New Delhi, June 2 (Reuters): India is considering whether to set up an appeals panel with the power to reverse the content moderation decisions of social media firms, the information technology ministry said, in what would be the first such move of its kind worldwide.
The revelation came in a document seeking comments on plans for changes to IT rules that took effect last year, and aim to regulate social media content, making firms such as Facebook (FB.O), YouTube (GOOGL.O) and Twitter (TWTR.N) more accountable.
The document, made public on Thursday, proposed one or more such appeal panels. It set a deadline of 30 days for appeals against decisions by company grievance officers, while the panels themselves get a further 30 days to take up the matter.
Social media firms are already required to have an in-house grievance redressal officer and designate executives to co-ordinate with law enforcement officials.
“The intermediary shall respect the rights accorded to citizens under the constitution,” the draft rules say in a newly-added section, referring to social media companies.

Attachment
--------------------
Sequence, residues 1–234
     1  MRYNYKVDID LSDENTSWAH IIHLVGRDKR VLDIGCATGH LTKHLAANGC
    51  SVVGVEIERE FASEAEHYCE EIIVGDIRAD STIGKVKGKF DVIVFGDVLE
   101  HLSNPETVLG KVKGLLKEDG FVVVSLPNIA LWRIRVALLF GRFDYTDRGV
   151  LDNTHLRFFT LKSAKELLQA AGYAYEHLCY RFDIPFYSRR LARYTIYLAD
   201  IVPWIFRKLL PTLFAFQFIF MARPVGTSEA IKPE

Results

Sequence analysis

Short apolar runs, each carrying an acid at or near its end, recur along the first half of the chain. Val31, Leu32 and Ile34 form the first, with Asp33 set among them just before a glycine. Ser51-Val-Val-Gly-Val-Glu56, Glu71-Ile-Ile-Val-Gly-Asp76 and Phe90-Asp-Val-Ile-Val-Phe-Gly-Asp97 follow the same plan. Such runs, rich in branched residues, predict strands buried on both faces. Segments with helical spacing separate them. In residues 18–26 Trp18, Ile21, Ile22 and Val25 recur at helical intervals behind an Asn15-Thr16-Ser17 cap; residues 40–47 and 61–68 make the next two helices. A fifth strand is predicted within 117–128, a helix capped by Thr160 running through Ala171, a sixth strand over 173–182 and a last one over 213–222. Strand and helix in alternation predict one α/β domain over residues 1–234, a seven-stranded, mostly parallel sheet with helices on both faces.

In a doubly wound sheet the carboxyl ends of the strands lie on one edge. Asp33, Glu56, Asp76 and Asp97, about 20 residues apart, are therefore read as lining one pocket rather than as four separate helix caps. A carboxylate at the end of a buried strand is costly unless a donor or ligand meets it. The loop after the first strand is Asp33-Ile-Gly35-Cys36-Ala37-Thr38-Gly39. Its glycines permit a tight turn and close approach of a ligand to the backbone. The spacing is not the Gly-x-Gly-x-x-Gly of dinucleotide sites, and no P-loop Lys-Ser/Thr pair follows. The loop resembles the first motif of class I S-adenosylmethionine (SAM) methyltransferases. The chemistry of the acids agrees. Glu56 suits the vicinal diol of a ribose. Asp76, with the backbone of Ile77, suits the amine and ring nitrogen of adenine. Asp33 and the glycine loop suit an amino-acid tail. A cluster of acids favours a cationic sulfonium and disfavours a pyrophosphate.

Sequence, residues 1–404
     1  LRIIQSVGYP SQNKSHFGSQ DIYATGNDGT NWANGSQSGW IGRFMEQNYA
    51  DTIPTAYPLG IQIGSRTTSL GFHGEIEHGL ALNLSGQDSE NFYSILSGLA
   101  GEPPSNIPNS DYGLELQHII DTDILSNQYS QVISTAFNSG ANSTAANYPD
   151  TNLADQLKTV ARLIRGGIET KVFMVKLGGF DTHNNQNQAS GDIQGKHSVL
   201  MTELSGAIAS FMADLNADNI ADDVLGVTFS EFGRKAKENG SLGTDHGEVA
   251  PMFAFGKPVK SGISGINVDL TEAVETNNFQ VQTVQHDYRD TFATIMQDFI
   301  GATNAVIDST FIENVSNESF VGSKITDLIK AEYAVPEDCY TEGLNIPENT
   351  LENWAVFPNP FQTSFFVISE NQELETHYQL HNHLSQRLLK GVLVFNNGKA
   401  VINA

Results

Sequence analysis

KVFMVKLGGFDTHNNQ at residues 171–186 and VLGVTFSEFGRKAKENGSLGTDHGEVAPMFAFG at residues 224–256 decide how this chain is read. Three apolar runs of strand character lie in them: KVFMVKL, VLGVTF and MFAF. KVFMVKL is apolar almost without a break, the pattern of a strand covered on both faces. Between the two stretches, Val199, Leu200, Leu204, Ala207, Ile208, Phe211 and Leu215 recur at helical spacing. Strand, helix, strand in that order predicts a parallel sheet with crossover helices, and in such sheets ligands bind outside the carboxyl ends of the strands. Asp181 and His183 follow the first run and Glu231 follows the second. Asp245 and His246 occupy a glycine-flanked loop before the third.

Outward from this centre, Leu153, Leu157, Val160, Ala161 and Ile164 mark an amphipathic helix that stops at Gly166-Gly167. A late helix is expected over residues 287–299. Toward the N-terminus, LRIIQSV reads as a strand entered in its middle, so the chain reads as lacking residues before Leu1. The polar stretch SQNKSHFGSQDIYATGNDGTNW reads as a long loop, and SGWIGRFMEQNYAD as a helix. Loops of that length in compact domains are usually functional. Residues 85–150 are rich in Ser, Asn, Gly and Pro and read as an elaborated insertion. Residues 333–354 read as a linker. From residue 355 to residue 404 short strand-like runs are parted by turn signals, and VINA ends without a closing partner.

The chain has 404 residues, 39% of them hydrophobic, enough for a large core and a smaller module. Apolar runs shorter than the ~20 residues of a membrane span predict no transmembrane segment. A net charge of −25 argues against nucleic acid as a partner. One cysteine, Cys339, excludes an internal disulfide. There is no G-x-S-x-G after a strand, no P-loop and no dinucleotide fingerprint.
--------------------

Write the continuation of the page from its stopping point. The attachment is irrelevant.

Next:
India ranks among the largest sources worldwide of government requests for content takedowns to Twitter Inc and Meta Platforms Inc (FB.O).
The ministry’s plan stands to increase government control of social media platforms by allowing it to appoint officers to supervise content moderation decisions, said Apar Gupta, of the digital advocacy group the Internet Freedom Foundation.
“This is problematic, for this committee will lack any autonomy and is being formed without any statutory, or clear legal basis,” added Gupta, the group’s executive director.
Tension has flared between India’s nationalist government and Twitter, which declined last year to comply fully with orders to take down accounts and posts accused of spreading misinformation about farmers’ protests against the government.
Last year, government officials said social media platforms may no longer be eligible to seek liability exemptions as intermediaries or the hosts of user content if they failed to follow domestic information and technology laws.